Freud’s famous question — " What do women want? " — began as a portentous query, became a radical feminist slogan in the 1970s (the answer was: " Everything " ), and has since devolved into an Oprah-esque cliché of self-help. Its lengthy but narrow cultural shelf life was predetermined, in part, because it was the wrong question that pandered to male-oriented expectations. Not only was it presumptuous — the good doctor wasn’t actually asking women what they wanted — but it was far too general, viewing all women as a single group with identical needs and desires. Even more to the point, its contextual implication was that women had " want " because they were, in some way, incomplete.
Caroline Knapp’s Appetites — an impressive cross of cultural analysis and personal memoir — neatly turns Freud’s question inside out. Appropriately subtitled ÒWhy Women Want,Ó the book is far more interested in the subjective meaning of desire, or Òappetite,Ó than in an objective solution. Indeed, by the end, she’s come to the conclusion that the simple acknowledgment of women’s needs is the best, and most vital, first step we can take. Her thesis is that women desperately ÒwantÓ because their basic needs — their appetites — are profoundly denied by our culture. The mandated requirement to be thin, to be loved, and to be pretty inevitably twist women’s basic need for food, sex, and personal recognition into a triangular nightmare of eating disorders, destructive relationships, and compulsive shopping. Knapp’s persuasive argument — which makes this work both vital and unique — is that they are not distinct problems but the same problem: the problem of how women are proscribed from experiencing pleasure.
The spine of Appetites is Knapp’s own struggle with anorexia (a struggle she first documented in a piece she wrote for the Phoenix as an editor). At the age of 19, when she’s an A student at Brown, she begins to diet, almost by accident, eating nothing but cottage cheese and rice cakes for three days. In six years she drops from 120 to 80 pounds, stops menstruating, and is wearing the outgrown jeans of a 12-year-old boy. The memoir embedded in Appetites is judicious, just the author’s methodical chronicle of what it means to get thinner and thinner: ÒWhat if I skipped dinner? What if I didn’t eat anything during the day, drank only coffee? I wonder how that would feel.Ó But as frightening as Knapp’s clear-eyed remembrance is, she always returns to the analytical: ÒTo say that I ‘lost’ my appetite during those years would be a joke. On the contrary, I ate, slept, and breathed appetite. . . . I had appetites the size of Mack trucks — driving and insistent longings for food and connection and bodily pleasure — but I found their very power too daunting and fearsome to contend with.Ó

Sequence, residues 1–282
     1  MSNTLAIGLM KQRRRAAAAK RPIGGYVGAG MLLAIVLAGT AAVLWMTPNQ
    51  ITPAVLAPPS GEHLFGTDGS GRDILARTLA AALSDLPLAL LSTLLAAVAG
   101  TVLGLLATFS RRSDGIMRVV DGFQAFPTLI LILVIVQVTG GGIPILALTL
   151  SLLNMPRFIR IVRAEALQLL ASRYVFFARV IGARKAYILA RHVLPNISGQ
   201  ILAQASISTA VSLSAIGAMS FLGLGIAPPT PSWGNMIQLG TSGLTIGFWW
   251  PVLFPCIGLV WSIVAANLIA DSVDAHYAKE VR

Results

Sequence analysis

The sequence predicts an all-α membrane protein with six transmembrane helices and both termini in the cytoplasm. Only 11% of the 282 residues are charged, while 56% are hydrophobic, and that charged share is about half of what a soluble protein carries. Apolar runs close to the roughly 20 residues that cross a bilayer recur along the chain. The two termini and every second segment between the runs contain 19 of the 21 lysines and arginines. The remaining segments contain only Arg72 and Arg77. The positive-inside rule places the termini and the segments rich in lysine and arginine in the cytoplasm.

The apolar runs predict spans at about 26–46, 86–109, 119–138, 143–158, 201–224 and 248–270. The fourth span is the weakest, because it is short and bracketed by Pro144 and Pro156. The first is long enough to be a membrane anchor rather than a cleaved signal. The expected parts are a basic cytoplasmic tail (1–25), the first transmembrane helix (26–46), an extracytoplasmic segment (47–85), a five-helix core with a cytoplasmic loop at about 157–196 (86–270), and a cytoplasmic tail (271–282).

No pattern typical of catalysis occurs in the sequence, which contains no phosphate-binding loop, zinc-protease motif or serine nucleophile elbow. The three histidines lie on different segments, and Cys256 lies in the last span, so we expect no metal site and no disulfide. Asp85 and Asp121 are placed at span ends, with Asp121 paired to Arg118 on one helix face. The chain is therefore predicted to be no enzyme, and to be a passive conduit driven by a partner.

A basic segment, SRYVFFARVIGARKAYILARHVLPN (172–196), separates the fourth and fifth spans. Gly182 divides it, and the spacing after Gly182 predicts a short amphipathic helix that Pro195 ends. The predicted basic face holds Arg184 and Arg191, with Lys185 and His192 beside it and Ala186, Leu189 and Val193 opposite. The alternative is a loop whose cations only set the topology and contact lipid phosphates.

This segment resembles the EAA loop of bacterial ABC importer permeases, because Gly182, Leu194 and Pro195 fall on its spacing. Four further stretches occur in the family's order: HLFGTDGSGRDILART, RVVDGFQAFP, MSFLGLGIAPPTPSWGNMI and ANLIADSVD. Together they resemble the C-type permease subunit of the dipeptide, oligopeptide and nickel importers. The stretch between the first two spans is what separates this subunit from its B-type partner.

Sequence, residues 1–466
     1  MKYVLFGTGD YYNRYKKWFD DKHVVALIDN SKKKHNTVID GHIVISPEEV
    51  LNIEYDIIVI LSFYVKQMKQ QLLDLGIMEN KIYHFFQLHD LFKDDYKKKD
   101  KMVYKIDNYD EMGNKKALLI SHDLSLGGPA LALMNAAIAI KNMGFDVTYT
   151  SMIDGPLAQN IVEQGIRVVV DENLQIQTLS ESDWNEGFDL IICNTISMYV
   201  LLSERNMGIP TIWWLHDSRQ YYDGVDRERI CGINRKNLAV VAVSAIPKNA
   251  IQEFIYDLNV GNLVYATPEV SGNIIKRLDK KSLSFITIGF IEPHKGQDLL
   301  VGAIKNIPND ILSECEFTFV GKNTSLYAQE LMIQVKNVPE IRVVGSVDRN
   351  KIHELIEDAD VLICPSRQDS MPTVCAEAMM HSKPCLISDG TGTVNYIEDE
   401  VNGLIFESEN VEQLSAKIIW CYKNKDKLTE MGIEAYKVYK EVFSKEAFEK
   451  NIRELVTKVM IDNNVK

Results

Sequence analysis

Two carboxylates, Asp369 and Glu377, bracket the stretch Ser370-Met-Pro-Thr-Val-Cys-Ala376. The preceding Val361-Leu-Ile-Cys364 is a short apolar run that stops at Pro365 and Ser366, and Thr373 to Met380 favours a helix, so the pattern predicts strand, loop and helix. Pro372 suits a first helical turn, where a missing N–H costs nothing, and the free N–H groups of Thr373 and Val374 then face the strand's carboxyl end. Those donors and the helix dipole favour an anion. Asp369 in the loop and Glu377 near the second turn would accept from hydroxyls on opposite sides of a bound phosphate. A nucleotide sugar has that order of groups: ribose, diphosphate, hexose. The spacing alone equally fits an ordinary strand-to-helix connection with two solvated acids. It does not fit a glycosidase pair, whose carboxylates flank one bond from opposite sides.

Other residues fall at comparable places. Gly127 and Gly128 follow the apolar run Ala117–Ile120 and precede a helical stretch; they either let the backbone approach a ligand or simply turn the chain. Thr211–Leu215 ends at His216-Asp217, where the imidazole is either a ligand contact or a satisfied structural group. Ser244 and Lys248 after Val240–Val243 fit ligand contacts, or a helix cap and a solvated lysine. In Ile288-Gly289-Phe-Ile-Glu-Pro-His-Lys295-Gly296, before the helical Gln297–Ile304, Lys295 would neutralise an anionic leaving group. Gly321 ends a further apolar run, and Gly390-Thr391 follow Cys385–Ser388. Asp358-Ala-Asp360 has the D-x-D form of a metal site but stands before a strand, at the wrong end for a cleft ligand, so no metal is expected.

Eating-disorder literature usually categorizes the syndrome as an issue of personal control. What Knapp argues here is radically different — that eating disorders and compulsive shopping and the need to hold onto destructive relationships all center on the regulation of, and flight from, bodily and erotic pleasure. ÒI learned to be furtiveÓ she writes. ÒI took to snatching pleasure on the sly: cigarettes here, dollar bills there, squares of Hershey’s chocolate from the supply my mother kept hidden in her dresser drawer.Ó All of these pleasures have to be kept hidden and unnamed. ÒUnnamed hungers become frightening hungersÓ that need to be controlled. ÒWanting is a frightening thing,Ó she writes. ÒNot wanting, by contrast, can be far easier, at least in the short term.Ó
In her earlier works of cultural criticism — Drinking: A Love Story (Dial, 1996) and Pack of Two: The Intricate Bond Between People and Dogs (Dial, 1998) — Knapp began to explore a style that wedded memoir and sociology, the personal with the political. Although those books were successful, Appetites takes her idiosyncratic method to a new level. There are times when she can shock with the details of her research — who could have imagined that ÒAmerican women spend approximately $1 million every hour on cosmeticsÓ? — as with the minutiae of her own struggle with anorexia. Her talents as a writer and reporter are, unfortunately, often lost in a maze of careless organization. Her untimely death last year at the age of 42 makes Appetites all the more poignant, and it may account for some of the book’s structural flaws.
In the end, Knapp has a simple solution: ÒWhat we want, of course, . . . is connection, love: If the deepest source of human hunger has a name, that would be it; if the boxes of constraint in which so many women live could be smashed to bits, that would be the tool, the sledgehammer that shatters emptiness and uncovers the hope buried beneath it.Ó The love she’s speaking of here is not just the love of one person for another, but the love of self, and the ability to love pleasure without regret and without constraint.
There will be a tribute to Caroline Knapp, with readings from Appetites: Why Women Want, at the Sackler Museum, 485 Broadway in Harvard Square, this evening (May 15) at 6 p.m. Call (617) 661-1515.